Senior baritone saxophone player Sam Metcalfe, a corporate and personal finance major with a minor in accounting, agreed with Mundkowsky's sentiments.

"From day one it was a collective that I walked into that made me feel very protected and taken care of as far as anything I needed to know about the campus," Metcalfe said.

Metcalfe stayed because he wanted to pass that feeling onto the underclassmen.

And so far the underclassmen are getting the message.

"They take you in as who you are and you don't have to change anything about yourself," said sophomore Cassidy Matz, colorguard captain and early childhood education major with a minor in music. "It's such a good way to join the university."

Amanda Venesky is a freshman special education major, who plays baritone saxophone.

"I did this in high school and thought I would try it in college. I knew I'd have a friend group and people to talk to," Venesky said.

Marching Band golden girl
The Golden Eagle Marching Band has a tradition of skilled majorettes in the band.

Venesky was worried about taking her marching band skills to the collegiate level, but everyone has been so supportive that it's been a smooth transition.

"I'm exhausted, but we're all exhausted together," Venesky said.

The exhaustion comes from band camp which ran Aug. 19-25. Colorguard, majorettes and the percussion had a pre-camp Aug. 16-18.

At band camp, you'll either find students working through music in Marwick Boyd or gathered at the Memorial Stadium parking lot counting out steps and, again, practicing music. There's also a strong smell of sunscreen in the air as the group is in the sun for hours learning their drill formations or practicing for a parade.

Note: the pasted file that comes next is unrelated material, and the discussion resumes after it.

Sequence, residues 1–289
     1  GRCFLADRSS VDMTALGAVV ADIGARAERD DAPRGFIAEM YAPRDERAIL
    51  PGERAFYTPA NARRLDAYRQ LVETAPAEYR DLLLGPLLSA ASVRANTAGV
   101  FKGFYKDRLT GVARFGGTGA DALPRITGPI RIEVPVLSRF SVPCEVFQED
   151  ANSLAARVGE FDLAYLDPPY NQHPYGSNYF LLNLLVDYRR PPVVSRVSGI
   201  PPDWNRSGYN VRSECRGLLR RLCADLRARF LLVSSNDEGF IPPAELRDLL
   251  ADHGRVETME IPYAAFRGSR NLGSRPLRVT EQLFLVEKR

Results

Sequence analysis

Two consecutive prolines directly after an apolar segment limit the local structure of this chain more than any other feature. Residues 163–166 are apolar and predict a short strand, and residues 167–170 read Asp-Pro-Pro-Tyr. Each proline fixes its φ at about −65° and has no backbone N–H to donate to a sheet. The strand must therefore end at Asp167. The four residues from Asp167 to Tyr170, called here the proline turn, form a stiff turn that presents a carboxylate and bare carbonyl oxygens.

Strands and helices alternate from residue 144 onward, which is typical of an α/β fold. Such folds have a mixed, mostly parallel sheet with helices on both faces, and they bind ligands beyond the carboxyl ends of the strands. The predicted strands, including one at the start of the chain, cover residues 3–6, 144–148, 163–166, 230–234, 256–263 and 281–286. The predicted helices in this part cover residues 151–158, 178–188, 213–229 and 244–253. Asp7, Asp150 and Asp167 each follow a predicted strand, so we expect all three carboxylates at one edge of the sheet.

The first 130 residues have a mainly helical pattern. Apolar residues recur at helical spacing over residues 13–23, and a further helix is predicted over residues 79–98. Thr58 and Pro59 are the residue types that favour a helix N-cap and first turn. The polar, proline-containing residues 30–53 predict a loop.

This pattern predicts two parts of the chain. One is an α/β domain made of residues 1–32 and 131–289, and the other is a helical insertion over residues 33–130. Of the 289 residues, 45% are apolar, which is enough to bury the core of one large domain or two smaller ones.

The marching band traditionally leads the Autumn Leaf Festival parade each year.

"I really like the games and getting out in front of everybody and seeing how much hard work we put in," Metcalfe said.

At a practice this summer, the band practiced a drill while Teske observed them from high above.

Marching Band flutes
The Golden Eagle Marching Band flutists practice a drill on an afternoon of band camp.

"Boy did last night pay off," Teske said to the band after a run-through.

"The talented students that make up the Golden Eagle Marching Band are very committed to their craft. The amount of hard work they put into the band shows in every one of their performances, where we are known for our quality product and high energy," Teske said.

To see the results of their hard work, you can attend this week's home game Saturday, Sept. 15, at Memorial Stadium against the Lincoln University Lions.

There also will be a marching band alumni event Sept. 22 for the game against Gannon University. Former marching band alums will be special guests at the president's pavilion where they will be honored. In the third quarter, alumni band members will have the opportunity to meet new band members. Admission is $10 which includes a ticket to the game, traditional tailgate fare and beverages. To register visit or call (814) 393-2572.

Last Updated 9/14/18